First Sentence:  The winter rain slashes at my face like icy razor blades, but I don’t care.
Flavia returns from Canada to find her father is in the hospital unable to have visitors, and only Dogger, family employee, to greet her return.   Unable to visit her father, and to keep busy, Flavia runs an errand for the Vicar’s wife, but finds the reclusive woodcarver’s body hanging upside down on the back of his bedroom door, with only a cat to keep him company.
What an intriguing opening.  Even with a sense of threat, one has to smile at the anthropomorphizing of her bicycle—“Gladys’s wheels groan horribly beneath us.  The biting cold has penetrated her steel cones and seized the tendons of her brake cables.” 
It’s also nice to have a brief introduction to the members of her family.  Bradley conveys emotions so well; Flavia’s hopefulness, her restraint and regret, and finally, her concern and guilt.  One can’t help but love Dogger, the family's handyman, as he is the one person who seems to really care for, and understand, Flavia.
Flavia makes one stop, wonder, and research—“The human brain performs more efficiently when taking in humid air than it does in hot or cold dry weather.”  Hmmm.  Twelve-year-old Flavia is unique.  One either loves her, or is terrified and repulsed by her.  She has clearly spent much of her life being bullied, and has found her own way of surviving within her family.  Either way, she is a curious and unique character—“I’m sorry if I seem to digress, but that is what I was thinking at the moment.  It’s the way my mind works.  Things are not the same in real life as they are in, for instance, the fictional world of Sherlock Holmes.”
Bradley has such a wonderful voice and use of language—“I know that there are people who are as barmy about books as Father is about postage stamps.  My sister Daffy, for instance, can prattle on about flyleaves,  colophons, and first editions not only until the cows have come home, but until they have put on their nightcaps, gone to bed, switched off the lights, and begun snoring in their cowsheds.”  The references to actual historical figures provide a sense of time and social strata.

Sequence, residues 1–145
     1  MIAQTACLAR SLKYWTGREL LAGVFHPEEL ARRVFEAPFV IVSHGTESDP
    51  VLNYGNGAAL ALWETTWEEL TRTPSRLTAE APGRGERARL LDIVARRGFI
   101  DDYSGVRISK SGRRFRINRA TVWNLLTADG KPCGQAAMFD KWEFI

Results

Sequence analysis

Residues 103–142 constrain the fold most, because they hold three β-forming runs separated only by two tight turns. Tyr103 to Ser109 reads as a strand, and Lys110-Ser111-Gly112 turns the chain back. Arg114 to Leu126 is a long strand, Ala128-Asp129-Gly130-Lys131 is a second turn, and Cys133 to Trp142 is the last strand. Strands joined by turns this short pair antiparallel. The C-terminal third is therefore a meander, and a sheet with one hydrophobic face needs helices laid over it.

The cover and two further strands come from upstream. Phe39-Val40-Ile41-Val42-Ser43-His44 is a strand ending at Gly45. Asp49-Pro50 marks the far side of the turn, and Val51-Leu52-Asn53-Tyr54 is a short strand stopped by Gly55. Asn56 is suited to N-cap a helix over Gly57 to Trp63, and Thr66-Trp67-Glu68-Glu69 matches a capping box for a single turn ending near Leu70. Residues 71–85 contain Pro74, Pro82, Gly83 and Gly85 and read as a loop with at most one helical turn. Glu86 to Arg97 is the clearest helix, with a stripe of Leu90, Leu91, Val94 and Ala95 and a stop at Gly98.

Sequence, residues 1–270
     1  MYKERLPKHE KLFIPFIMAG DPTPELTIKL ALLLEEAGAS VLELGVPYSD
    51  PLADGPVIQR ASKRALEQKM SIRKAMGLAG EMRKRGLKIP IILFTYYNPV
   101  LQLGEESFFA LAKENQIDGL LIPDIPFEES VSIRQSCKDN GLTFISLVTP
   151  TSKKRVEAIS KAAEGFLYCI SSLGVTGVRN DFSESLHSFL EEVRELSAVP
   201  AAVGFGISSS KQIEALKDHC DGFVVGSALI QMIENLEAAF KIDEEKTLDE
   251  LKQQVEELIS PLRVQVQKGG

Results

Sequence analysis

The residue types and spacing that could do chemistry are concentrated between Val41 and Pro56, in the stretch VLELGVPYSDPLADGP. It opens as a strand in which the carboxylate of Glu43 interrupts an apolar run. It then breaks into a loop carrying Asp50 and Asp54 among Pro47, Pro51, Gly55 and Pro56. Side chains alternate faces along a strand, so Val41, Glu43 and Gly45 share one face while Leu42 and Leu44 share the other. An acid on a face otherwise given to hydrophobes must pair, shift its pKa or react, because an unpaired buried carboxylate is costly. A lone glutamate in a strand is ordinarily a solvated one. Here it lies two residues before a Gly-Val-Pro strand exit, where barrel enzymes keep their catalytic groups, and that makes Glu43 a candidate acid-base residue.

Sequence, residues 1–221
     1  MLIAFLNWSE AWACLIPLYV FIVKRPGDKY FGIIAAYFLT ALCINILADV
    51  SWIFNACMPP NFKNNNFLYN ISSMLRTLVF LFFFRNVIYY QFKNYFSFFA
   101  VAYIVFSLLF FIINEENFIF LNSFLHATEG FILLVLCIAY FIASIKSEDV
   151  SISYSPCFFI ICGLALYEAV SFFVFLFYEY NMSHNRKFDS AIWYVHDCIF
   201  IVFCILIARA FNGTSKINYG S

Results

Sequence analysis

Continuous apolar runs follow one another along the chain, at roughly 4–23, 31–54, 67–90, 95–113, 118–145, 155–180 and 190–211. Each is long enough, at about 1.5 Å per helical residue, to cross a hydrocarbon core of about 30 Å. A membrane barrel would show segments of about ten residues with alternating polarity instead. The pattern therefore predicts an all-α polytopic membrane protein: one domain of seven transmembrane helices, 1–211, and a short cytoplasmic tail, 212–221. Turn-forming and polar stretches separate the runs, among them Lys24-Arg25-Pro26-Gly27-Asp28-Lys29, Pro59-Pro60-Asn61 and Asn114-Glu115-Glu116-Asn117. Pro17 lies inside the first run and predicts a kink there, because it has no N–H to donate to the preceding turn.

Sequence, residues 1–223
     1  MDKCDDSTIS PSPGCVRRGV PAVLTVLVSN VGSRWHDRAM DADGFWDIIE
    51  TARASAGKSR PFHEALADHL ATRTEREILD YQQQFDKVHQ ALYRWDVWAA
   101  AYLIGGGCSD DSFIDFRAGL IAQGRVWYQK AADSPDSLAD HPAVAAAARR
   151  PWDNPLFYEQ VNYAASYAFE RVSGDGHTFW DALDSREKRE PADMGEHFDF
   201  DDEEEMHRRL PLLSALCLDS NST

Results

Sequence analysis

Flavia is a combination of amazing self-confidence and a audacity, underpinned by her intelligence, imagination and love of learning—“The falling snow and half-light of the low-hanging, leaden sky made the street seems as if it were located in some far-off mythical underground kingdom, and I wouldn’t have been at all surprised to see Dante, or even old Odysseus himself…”  Yet for all her eccentricity, she understands what it is to be bullied, and “adopts” fellow outsiders, not always wisely.
Thrice the Brinded Cat Hath Mew’dhas an excellent twist, and such a clever plot; so much so that we only realize it as it unfolds.  Flavia is, indeed, a unique and wonderful character.

THRICE THE BRINDED CAT HATH MEW’D (Trad Mys-Flava de Luce-England-1950s) – VG
      Bradley, Alan – 8th in series

      Delacorte Press – Sept 2016

Thursday, October 27, 2016

False Positive by Andrew Grant

First Sentence: “I lied.”
Det. Cooper Devereaux has been called back from suspension to partner with relative newcomer Jan Loflin, investigating the disappearance of a 7-year-old boy.  Did the parents murder the boy?  If he was kidnapped, why have there been no ransom demands?  While the case brings up events in Devereaux’s own past, Loflin seems to be investigating both the case, and her partner.
The book starts with very short chapters that jump between characters, and file information meant to discredit Devereaux that has been sent to Loflin. There are also cliff-hanger chapter endings.  Fortunately, the last does improve as we get further into the story.
The characters are interesting; Devereaux who carries a lot of past around with him, Loflin whose motives are suspect.  They are an interesting combination, but somewhat stereotypical.  While Jan seems to be a “by-the-book” cop, Devereaux style is more “what book?”.  However, Jan’s insecurity and gullibility does become a big tiresome until you understand what motivates it.  Each develops and becomes both more complex, and more interesting, as they story progresses.  One can appreciate who Devereaux’ PDST is woven thru the story.

Devereaux is very much in the macho-man, marches to his own drummer, style of protagonist that men might like to be, and women think they'd like to find...but only for a short time if one were honest.  There are aspects of him to be admired, but others at which one is inclined to roll the eyes.  But, hey; that's what fiction's for.  
Grant does have a good voice—“Devereaux had always thought of the fourth floor conference room as the place where enthusiasm went to die.”  He also does do a very good job of conveying the stress under which the parents of a missing child would be.